Given the reduced role of brand consciousness in today’s marketplace, it is little wonder that some tween/teen retailers have stopped putting oversized brand logos on their apparel.
Tween and teen retail is a heavily competitive vertical. Just losing a small percentage of your brick-and-mortar sales — even if those sales transfer right to your online channel—still leaves you with the significant burden of your leases and four-wall expenses. In today’s tough retail marketplace, it doesn’t take much of a reduction in store profitability to reach a point of no return. What about the much-hyped promise of omni-channel retail to keep chains in the black? While online strategies are certainly necessary today, they hardly amount to a panacea. After all, creating a truly viable online infrastructure that can compete with Amazon is incredibly expensive. If you are merely recapturing lost sales via this capital expense, where is the windfall?
Which troubled chains have a better chance of remaining viable? Retailers who address their cash-flow constraints early tend to be better positioned to renegotiate and terminate their undesirable real estate. Cash gives retailers options. When companies fall into insolvency, options are more limited with respect to lease mitigations. Without sufficient cash on hand, such chains have no choice but to file for bankruptcy. Moreover, without an infusion of additional loans or capital, they will have no means of surviving the expensive process of bankruptcy.
Amid this shakeout, asset-based lenders need to continuously look at the inventory of their borrowers in this sector. Allowing appraisals to sit for too long poses quite a risk. While staple products such as jeans or white t-shirts do sell year-round, generally speaking apparel inventory is like the seasons: It should turn four times a year (that might be high for certain concepts, but three-plus turns per year would be considered healthy and a good benchmark). Be on guard, then, for anything less than this. Why? Because as the seasons change, underperforming retailers will accumulate more and more unsold, out-of-fashion inventory, and potential recovery values will shrink in kind.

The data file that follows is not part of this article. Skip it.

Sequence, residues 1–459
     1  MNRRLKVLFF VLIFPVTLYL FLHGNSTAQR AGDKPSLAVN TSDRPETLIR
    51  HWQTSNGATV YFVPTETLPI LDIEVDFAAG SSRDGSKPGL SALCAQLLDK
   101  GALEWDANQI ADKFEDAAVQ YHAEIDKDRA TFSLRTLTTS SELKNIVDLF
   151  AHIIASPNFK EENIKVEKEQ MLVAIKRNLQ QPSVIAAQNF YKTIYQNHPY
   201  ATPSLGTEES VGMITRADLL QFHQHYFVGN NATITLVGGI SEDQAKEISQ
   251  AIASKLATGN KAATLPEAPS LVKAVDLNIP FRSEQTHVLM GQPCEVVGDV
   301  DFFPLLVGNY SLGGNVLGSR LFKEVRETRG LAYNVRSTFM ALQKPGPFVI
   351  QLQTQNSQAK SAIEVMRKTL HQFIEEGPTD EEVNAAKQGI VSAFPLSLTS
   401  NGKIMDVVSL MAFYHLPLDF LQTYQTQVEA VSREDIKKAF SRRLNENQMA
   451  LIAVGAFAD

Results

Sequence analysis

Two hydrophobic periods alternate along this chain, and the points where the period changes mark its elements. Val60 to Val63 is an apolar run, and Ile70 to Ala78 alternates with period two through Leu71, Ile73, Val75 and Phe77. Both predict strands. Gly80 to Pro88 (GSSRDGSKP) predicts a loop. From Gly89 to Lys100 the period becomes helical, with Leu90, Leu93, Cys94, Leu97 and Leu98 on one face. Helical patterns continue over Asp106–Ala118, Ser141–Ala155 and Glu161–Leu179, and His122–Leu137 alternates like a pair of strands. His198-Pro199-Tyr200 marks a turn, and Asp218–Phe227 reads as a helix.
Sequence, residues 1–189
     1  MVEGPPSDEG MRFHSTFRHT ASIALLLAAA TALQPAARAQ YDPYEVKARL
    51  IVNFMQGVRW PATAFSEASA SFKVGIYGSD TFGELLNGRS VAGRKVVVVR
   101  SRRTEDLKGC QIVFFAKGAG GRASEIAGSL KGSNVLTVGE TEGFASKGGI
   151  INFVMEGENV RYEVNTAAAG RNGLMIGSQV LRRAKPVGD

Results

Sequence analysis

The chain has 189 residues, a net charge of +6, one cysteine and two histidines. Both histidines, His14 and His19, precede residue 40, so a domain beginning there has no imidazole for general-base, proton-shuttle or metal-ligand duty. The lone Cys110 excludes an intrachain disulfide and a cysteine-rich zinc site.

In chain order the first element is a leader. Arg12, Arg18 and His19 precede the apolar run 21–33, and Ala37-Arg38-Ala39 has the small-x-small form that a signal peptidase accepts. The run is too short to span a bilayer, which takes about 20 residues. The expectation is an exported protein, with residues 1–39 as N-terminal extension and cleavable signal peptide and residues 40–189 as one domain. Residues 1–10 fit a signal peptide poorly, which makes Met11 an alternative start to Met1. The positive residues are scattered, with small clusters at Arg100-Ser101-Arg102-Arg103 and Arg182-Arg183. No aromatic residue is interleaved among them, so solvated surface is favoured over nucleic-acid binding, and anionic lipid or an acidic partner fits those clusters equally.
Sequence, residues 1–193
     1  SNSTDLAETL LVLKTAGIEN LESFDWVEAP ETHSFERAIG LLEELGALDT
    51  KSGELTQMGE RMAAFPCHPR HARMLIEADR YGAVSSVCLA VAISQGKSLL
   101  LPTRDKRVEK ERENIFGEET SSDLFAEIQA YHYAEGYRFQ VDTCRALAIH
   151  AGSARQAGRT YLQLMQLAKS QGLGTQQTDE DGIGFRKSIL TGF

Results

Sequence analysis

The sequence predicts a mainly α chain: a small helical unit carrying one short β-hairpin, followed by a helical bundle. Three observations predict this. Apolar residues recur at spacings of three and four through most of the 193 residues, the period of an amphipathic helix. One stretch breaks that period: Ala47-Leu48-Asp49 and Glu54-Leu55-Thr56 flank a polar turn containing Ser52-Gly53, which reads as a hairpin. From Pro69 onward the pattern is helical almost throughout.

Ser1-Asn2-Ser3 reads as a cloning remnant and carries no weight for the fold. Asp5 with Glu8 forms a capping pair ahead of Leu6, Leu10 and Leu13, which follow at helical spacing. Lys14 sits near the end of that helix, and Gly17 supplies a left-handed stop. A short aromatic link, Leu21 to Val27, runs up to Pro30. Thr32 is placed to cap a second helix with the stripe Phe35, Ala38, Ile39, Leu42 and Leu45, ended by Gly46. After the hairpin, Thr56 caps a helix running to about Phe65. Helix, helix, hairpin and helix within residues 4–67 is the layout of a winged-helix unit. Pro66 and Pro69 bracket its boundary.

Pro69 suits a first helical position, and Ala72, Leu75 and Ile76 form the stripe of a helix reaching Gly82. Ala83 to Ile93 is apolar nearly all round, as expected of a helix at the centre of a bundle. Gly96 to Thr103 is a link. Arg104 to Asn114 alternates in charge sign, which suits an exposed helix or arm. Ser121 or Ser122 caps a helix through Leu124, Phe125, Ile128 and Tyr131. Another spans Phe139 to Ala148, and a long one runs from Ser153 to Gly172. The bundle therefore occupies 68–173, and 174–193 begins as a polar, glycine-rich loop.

The tween and teen market is made up of some of the most finicky consumers. They know what they want and are not swayed by their parents’ choices in fashion. They migrate fast and are difficult to lure back once they have moved on. Decreasing comparable store sales is the clearest indication that a migration could be taking place. Comps need to be tracked closely as the first sign of changing trends.
The metrics discussed above may lead to insolvency, but the good news is that appraised values in this vertical have held in most bankruptcy filings during the past year. In most cases, tween and teen retailers carry very lean inventory levels – resulting in very quick going-out-of-business sales. The perceived value created by strong liquidation/store closing language leads to better sales and, ultimately, to achieving the recovery of appraised values in bankruptcy scenarios.
This article originally appeared in ABL Advisor, April 2016